AP Macroeconomics : Tax Policy

Study concepts, example questions & explanations for AP Macroeconomics

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Example Questions

Example Question #1 : How To Find Tax Incentives

A progressive tax structure is designed in order to put more of the tax burden on _______.

Possible Answers:

wealthier individuals instead of poorer individuals

poorer individuals instead of wealthier individuals

sales tax instead of income tax

individual income instead of corporate profits

corporate profits instead of individual income

Correct answer:

wealthier individuals instead of poorer individuals

Explanation:

A progressive tax system is so-called because, as a person or corporation makes more money, the overall tax burden as a percent of income gets progressively higher. A progressive tax seeks to produce more government revenue from those individuals who are perceived as being more able to bear the burden. Progressive taxation is usually popular politically, making it such a widespread form of taxation.

Example Question #1 : How To Find Tax Credits

A tax credit describes an element of tax policy that ________.

Possible Answers:

reduces taxes for people who qualify under certain circumstances

allows for an additional tax on specific kinds of income, such as gambling

allows for an additional tax on goods deemed unseemly

raises money on investment income

only allows exemptions for people making under a certain income level per year

Correct answer:

reduces taxes for people who qualify under certain circumstances

Explanation:

Tax law includes small exemptions and refunds, which are known as tax credits. Often, these tax credits are provided for groups of people like homebuyers, parents, and students. Tax credits are also usually seen as a way to lighten specific tax burdens without rewriting or transforming tax policy.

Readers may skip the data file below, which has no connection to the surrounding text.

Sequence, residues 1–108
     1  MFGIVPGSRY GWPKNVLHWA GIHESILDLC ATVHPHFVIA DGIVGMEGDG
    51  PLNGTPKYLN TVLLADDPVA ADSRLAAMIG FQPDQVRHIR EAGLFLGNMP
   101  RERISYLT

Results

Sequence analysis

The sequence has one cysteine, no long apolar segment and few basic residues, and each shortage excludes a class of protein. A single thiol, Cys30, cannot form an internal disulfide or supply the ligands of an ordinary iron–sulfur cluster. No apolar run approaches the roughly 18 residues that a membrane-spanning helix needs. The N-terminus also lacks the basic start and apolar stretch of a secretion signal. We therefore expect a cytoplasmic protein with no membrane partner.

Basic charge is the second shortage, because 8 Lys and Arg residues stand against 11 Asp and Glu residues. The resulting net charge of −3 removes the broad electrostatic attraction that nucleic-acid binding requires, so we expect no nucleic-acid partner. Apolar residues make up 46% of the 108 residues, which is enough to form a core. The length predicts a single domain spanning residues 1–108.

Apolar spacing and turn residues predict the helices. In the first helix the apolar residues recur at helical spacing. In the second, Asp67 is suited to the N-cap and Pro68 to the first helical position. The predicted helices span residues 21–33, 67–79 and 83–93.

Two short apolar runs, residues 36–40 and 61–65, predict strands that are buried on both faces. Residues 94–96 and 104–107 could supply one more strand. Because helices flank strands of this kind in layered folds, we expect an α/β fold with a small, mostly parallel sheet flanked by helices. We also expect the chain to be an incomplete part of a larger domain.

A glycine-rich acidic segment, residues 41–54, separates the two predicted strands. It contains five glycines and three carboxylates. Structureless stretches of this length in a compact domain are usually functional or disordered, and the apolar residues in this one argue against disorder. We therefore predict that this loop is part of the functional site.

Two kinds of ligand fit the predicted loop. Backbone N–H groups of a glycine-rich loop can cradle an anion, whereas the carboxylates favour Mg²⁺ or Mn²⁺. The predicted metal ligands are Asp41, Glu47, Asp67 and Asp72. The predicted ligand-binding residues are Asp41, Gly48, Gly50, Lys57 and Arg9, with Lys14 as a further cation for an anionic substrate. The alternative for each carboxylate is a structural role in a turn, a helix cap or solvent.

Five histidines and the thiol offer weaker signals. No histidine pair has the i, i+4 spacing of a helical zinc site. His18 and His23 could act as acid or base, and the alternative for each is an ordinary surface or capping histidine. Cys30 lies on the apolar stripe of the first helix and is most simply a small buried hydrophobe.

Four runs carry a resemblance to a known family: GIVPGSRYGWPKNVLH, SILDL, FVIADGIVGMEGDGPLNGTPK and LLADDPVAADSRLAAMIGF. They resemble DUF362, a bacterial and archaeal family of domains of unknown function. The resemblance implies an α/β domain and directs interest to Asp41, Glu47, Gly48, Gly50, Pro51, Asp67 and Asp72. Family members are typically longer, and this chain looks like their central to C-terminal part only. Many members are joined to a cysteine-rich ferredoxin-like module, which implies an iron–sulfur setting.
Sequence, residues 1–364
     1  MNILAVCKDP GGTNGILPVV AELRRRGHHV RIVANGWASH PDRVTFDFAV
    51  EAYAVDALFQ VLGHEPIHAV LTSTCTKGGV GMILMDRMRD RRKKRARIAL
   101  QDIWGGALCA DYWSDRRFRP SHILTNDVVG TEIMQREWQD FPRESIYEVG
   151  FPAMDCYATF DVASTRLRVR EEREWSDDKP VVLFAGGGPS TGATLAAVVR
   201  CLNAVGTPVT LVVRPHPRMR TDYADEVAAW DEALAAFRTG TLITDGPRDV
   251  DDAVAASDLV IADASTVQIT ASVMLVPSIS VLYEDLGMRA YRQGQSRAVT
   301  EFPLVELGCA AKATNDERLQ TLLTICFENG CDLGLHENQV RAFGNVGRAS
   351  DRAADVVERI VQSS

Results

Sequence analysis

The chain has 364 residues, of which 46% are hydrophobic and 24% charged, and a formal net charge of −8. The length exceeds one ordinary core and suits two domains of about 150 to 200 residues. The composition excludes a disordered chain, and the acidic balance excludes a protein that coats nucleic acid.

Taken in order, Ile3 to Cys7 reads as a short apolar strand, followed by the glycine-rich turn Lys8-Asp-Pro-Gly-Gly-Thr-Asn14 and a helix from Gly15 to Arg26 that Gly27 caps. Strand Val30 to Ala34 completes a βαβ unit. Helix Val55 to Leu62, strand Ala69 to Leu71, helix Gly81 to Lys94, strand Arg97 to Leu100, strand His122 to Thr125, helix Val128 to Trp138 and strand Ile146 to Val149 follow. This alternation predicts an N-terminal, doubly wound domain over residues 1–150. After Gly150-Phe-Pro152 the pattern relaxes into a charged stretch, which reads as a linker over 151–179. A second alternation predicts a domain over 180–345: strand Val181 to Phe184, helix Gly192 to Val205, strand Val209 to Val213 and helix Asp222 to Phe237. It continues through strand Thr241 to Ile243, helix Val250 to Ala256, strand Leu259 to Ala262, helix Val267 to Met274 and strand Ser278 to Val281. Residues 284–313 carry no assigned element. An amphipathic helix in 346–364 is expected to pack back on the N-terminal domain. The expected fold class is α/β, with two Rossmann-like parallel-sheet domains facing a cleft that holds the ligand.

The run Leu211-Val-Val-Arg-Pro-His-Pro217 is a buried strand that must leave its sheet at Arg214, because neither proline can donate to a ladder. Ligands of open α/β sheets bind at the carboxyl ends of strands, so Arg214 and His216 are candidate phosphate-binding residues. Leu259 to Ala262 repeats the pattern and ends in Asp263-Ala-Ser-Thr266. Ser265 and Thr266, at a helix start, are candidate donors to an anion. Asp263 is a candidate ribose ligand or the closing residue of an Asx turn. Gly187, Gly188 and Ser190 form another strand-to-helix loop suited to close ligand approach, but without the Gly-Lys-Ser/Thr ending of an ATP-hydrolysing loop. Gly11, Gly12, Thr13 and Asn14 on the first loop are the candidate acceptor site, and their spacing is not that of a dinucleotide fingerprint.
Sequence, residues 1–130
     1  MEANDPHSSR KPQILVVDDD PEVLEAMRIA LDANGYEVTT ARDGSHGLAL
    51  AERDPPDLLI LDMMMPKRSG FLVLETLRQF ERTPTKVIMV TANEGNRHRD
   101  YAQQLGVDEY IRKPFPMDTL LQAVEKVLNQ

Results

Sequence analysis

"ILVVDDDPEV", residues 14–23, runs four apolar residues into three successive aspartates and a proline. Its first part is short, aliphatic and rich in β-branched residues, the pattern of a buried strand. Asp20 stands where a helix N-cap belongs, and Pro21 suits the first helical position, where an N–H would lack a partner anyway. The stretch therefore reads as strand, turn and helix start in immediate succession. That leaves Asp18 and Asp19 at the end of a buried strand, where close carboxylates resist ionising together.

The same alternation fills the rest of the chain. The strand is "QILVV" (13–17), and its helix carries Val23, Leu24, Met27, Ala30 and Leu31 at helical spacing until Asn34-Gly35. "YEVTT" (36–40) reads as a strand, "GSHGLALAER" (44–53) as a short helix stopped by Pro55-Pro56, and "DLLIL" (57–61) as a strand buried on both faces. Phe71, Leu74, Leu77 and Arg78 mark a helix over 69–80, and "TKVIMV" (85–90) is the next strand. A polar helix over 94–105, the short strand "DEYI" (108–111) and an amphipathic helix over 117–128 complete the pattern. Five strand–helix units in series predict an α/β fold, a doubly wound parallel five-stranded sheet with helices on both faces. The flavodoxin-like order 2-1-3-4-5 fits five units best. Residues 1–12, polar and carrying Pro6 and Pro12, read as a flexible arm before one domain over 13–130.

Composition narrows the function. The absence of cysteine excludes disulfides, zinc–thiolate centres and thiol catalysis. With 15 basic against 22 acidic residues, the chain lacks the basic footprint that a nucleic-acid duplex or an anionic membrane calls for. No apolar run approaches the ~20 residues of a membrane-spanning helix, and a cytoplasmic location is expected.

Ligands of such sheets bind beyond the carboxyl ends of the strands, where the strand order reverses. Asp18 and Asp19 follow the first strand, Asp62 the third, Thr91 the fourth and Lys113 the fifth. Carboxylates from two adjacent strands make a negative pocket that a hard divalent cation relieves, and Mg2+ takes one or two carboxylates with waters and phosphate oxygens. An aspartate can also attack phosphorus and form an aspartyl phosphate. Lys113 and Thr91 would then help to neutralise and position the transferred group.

Example Question #2 : Tax Policy

In order, the four phases of the business cycle are:

Possible Answers:

peak, contraction, expansion, and trough

expansion, contraction, peak, and trough

expansion, peak, contraction, and trough

contraction, expansion, peak, and trough

Correct answer:

expansion, peak, contraction, and trough

Explanation:

The four phases of the business cycle are expansion, peak, contraction, and trough. Real GDP growth is positive during an expansion, followed by a point at which real GDP growth peaks, then begins to decline during a contraction, and finally a bottoming out at the point of the trough. Each of the other answer choices represents a distortion of this order.

Example Question #3 : Tax Policy

If the income level in a given economy increases by $100 and spending increases by $80, the marginal propensity to save in that economy is equal to which of the following?

Possible Answers:

0.5

0.2

0.75

0.8

Correct answer:

0.2

Explanation:

The marginal propensity to consume is calcuated by the change in consumption over the change in income. In this example, the marginal propensity to consume is 80/100 = 0.8. However, the problem asks for the marginal propensity to save and not the marginal propensity to consume.

In any economy, whatever money is not used for consumption is considered savings. Therefore, to find the marginal propensity to save, subtract the marginal propensity to consume from 1. Thus, 1 - 0.8 = 0.2. The marginal propensity to consume in this problem would be 0.2.

Example Question #1 : Tax Policy

An excise tax levied by a state government on gasoline is paid to the government by __________.

Possible Answers:

the oil company who sells the gasoline

only individuals who buy a certain amount of gasoline

any individual who buys the gasoline

the individual owners of gas stations

Correct answer:

the oil company who sells the gasoline

Explanation:

An excise tax is an indirect tax, or one that is not paid directly by consumers, but instead by the producers of the good being taxed. Gasoline excise taxes are typically paid by the oil companies who refine, produce, and sell the gasoline, in order to offset pollution and other trandportation costs governments incur from the sale of gas. Quite often, the cost of the tax to the company is passed on to the consumer in the form of higher prices.

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